Plagiarism has long been a concern for educators. However, research literature has indicated that faculty and researchers have themselves conducted plagiarism at alarming rates. Further, there appears to be a large amount of research that has been recycled through egregious self-plagiarism. As aviation research becomes increasingly important to the field of study, it is critical that such research is of high quality, legitimate, and original. This descriptive study investigated the prevalence of plagiarism in aviation research published in five prominent, peer-reviewed research journals (Collegiate Aviation Review, Journal of Air Transportation, International Journal of Applied Aviation Studies, International Journal of Aviation Psychology and Aviation, Space, and Environmental Medicine). From each of these journals, 30 articles (n = 150) were uploaded to Turnitin plagiarism detection software for analysis. The mean similarity index of the articles was found to be 16.01% (SD = 18.12). A Kruskal-Wallis test revealed a statistically significant difference in similarity indices across the five journals, x2 (4, n = 150) = 9.785, p = .044 with the International Journal of Applied Aviation Studies and the International Journal of Aviation Psychology having the highest levels of plagiarism. Within the 150 journal articles, 68 cases (45.3%) met the minimum level of plagiarism (similarity index > 10% as advocated in the literature). Overall, 102 (68%) articles contained instances of self-plagiarism (overlap with material written by an article author without citation). Sham-type (exact text but improperly cited) plagiarism was evident in 88 (59%) of articles and 78 (52%) contained at least one instance of verbatim-type (exact text without citation) plagiarism. Plagiarism appears to be a concern for aviation research stakeholders and it is evident that there is a need for more guidelines and oversight by journal editors and reviewers. Suggestions for future research are provided.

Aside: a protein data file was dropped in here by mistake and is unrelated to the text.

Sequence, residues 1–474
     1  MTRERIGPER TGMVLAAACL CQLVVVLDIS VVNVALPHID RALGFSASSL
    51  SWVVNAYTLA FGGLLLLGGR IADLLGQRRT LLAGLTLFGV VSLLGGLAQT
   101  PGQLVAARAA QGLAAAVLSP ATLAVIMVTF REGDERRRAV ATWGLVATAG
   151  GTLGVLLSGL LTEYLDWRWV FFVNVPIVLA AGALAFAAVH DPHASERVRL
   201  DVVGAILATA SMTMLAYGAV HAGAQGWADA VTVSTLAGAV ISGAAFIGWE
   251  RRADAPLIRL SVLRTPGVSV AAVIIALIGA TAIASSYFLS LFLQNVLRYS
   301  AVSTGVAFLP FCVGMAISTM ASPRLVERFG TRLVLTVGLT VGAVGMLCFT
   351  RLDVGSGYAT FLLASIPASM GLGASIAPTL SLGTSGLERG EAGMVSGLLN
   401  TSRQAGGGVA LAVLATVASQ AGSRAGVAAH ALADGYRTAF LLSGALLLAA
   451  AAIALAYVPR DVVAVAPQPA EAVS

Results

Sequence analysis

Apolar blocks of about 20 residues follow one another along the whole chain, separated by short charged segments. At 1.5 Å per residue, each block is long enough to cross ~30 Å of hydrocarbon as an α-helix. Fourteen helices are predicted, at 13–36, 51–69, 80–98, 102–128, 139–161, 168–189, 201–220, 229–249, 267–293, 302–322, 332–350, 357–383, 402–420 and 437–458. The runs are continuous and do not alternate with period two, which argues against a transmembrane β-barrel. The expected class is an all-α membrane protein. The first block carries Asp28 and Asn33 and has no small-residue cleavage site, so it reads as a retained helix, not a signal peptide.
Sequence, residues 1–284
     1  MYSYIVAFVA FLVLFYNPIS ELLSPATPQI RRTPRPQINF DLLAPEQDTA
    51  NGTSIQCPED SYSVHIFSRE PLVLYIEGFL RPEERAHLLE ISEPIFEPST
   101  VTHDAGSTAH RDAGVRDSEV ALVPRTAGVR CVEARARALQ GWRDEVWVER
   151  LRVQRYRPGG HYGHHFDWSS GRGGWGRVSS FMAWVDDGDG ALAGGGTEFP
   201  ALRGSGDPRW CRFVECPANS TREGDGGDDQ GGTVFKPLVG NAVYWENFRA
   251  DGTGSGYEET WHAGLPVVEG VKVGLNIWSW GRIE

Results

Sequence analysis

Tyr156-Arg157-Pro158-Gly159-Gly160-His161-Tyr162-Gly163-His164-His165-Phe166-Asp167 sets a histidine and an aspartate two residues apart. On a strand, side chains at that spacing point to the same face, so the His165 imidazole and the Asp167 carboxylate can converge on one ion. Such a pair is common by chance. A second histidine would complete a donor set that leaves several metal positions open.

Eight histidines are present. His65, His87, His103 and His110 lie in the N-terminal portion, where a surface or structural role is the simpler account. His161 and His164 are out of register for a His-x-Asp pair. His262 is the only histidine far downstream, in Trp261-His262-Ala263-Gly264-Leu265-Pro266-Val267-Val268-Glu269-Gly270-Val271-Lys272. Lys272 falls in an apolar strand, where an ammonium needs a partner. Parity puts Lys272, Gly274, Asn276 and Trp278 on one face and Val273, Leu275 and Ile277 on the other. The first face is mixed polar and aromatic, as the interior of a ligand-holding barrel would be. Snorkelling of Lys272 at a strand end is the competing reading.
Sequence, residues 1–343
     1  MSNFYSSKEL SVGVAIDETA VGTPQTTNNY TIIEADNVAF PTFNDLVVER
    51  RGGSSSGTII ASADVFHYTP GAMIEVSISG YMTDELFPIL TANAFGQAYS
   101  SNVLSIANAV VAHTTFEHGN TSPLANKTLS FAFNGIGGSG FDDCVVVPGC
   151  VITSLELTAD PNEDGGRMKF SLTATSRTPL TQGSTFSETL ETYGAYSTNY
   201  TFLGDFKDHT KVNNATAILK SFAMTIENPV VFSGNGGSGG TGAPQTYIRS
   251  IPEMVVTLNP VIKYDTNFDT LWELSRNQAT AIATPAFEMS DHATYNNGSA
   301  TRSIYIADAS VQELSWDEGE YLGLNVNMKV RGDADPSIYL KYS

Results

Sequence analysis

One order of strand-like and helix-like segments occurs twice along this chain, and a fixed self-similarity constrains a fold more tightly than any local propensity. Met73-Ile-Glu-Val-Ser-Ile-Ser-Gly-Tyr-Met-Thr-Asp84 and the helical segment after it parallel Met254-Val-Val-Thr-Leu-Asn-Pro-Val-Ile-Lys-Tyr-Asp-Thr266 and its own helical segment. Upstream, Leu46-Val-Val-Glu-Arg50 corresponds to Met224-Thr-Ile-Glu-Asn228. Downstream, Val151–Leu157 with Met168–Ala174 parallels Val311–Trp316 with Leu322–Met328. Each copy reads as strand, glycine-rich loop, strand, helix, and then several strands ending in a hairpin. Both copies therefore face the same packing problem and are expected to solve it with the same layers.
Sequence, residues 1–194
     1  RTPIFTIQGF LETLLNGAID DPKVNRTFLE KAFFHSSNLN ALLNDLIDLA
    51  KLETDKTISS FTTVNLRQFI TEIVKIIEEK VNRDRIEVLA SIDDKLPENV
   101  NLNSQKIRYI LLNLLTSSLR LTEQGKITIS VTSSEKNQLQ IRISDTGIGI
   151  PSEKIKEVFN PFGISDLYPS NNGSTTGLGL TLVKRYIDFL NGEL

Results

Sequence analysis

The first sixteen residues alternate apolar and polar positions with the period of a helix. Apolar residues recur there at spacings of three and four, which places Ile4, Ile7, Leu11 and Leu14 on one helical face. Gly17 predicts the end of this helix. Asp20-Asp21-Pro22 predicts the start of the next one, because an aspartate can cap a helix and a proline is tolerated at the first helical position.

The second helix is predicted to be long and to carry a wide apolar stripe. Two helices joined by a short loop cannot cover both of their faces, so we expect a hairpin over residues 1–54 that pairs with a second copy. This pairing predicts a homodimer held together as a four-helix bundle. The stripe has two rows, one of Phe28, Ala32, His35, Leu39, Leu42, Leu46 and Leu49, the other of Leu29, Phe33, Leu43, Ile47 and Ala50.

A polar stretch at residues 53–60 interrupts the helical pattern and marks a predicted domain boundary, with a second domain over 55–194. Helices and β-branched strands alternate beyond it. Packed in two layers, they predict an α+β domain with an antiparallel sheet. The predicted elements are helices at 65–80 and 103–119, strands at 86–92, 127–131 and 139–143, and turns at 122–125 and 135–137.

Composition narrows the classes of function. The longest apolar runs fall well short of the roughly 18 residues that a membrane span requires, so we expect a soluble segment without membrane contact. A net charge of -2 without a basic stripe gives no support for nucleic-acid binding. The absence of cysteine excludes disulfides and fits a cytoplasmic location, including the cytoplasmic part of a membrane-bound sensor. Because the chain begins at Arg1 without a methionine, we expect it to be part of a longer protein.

Scholarly Commons Citation
Ison, D. C.
Not Just a Student Problem: Plagiarism in Aviation Academic Research.
Journal of Aviation/Aerospace Education & Research, 22(1).